London, July 26 : Scientists have said that microbes from Venus could actually be blown into the Earth's atmosphere by solar winds.
According to a report by BBC News, this has been suggested by two scientists at the Cardiff Centre for Astrobiology in the UK.
Their findings follow analysis of data from the European Space Agency's (ESA's) Venus Express probe, launched in 2005.
Previous research has considered the possibility of micro organisms existing in Venus's atmosphere despite extreme temperatures on its surface.
Professor Chandra Wickramasinghe and Dr Janaki Wickramasinghe from the ESA claim that Venus's clouds contain chemicals that are consistent with the presence of micro organisms.
They suggest that under certain conditions, these microbes from high in Venus's atmosphere could be blown into the Earth's atmosphere.
This process would only take days or weeks.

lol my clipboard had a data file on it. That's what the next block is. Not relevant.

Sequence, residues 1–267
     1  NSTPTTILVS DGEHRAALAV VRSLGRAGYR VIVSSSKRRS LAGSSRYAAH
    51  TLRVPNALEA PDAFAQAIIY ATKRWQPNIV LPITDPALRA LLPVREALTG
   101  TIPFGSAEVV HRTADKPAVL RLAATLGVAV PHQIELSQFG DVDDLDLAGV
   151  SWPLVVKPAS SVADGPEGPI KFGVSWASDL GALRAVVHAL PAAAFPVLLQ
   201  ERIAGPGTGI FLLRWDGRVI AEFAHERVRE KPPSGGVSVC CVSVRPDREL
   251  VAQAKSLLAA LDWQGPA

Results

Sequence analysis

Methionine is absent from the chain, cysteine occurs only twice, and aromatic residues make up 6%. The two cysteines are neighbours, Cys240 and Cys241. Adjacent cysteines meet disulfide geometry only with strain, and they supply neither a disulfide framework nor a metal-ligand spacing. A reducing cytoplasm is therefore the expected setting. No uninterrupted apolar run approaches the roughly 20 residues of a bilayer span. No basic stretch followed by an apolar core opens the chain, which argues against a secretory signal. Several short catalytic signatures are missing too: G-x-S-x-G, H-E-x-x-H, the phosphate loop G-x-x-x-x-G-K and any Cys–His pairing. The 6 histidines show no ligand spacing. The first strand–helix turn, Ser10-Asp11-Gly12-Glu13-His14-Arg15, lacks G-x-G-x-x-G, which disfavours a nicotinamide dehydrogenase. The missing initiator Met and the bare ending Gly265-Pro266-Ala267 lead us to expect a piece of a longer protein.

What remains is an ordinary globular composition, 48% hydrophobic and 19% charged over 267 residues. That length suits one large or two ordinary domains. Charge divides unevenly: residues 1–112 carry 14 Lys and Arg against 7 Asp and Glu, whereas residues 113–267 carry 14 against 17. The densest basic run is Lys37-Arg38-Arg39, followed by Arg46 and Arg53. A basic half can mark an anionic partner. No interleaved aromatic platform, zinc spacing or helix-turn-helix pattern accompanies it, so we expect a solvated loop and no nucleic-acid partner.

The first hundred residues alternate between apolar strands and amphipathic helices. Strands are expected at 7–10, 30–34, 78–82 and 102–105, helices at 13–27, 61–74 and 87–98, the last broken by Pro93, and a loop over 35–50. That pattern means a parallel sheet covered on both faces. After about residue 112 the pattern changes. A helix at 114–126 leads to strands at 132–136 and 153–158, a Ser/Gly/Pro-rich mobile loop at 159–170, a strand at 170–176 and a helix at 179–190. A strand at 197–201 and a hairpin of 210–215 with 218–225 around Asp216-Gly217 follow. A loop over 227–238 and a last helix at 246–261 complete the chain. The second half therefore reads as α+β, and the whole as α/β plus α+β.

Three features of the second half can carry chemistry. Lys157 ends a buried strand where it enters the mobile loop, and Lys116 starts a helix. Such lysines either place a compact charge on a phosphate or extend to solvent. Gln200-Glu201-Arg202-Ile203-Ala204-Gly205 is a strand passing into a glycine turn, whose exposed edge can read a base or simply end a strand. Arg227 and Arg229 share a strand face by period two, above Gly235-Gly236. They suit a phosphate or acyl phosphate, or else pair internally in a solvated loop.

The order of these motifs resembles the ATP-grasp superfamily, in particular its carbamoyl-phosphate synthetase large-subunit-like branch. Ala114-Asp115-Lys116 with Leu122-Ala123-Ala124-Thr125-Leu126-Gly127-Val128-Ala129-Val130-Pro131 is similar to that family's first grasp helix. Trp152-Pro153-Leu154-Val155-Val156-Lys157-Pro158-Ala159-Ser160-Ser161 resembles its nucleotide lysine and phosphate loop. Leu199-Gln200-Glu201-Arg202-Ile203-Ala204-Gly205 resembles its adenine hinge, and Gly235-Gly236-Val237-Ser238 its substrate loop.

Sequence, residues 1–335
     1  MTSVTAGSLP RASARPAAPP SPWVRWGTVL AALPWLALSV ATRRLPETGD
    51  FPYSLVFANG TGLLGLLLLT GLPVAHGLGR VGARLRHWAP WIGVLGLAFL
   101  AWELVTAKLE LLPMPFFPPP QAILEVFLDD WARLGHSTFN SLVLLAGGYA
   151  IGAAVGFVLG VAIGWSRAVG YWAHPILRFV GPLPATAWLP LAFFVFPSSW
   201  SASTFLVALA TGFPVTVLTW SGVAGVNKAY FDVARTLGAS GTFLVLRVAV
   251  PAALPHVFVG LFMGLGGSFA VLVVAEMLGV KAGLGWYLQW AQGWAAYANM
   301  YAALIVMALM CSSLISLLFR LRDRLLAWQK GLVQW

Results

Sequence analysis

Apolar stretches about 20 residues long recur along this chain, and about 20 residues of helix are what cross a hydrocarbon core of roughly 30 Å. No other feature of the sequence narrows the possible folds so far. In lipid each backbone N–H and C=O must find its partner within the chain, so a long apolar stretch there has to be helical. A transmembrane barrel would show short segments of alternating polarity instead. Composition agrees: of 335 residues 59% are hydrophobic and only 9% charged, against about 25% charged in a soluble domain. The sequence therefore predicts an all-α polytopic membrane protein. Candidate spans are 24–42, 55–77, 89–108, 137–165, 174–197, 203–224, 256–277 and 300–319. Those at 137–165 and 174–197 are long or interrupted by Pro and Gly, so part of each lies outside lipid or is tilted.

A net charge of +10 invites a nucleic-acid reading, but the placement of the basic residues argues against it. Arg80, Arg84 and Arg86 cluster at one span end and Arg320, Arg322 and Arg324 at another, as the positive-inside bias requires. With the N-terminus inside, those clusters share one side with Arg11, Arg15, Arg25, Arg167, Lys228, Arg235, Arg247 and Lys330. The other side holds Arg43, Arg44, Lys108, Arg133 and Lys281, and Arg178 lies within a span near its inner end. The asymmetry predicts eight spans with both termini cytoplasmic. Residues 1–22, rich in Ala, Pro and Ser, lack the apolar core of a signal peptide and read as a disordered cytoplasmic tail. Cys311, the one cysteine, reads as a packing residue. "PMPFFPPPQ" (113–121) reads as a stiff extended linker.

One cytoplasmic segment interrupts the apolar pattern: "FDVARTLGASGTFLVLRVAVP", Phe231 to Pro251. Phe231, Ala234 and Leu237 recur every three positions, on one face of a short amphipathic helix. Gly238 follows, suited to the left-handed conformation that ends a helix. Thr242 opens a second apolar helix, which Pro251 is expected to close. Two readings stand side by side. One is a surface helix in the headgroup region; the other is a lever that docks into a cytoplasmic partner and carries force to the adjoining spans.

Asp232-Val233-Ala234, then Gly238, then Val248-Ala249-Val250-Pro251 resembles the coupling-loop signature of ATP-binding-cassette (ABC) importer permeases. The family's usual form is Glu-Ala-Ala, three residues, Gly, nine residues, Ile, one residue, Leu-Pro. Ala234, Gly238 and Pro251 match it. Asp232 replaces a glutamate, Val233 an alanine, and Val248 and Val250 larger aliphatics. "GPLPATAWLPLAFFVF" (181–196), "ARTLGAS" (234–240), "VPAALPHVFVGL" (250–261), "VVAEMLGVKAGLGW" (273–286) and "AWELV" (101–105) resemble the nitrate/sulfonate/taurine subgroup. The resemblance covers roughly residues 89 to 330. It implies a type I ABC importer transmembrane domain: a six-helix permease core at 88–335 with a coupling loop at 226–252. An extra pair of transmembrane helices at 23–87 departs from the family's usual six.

But the Sun, Earth and Venus must be suitably aligned, which last happened in 2004 and will not happen again until 2012.
"Venus and Earth have often been referred to as sisters because of their geological similarities," said Prof Wickramasinghe. "Our research proposes that the two sisters may be biologically interconnected as well," he added.
The Venus Express probe, launched in November 2005, is orbiting the planet to study its atmosphere, to learn more about this connection.
Scientists hope to learn how Venus, which is similar to Earth in size, mass and composition, evolved so differently over the last 4.6 billion years.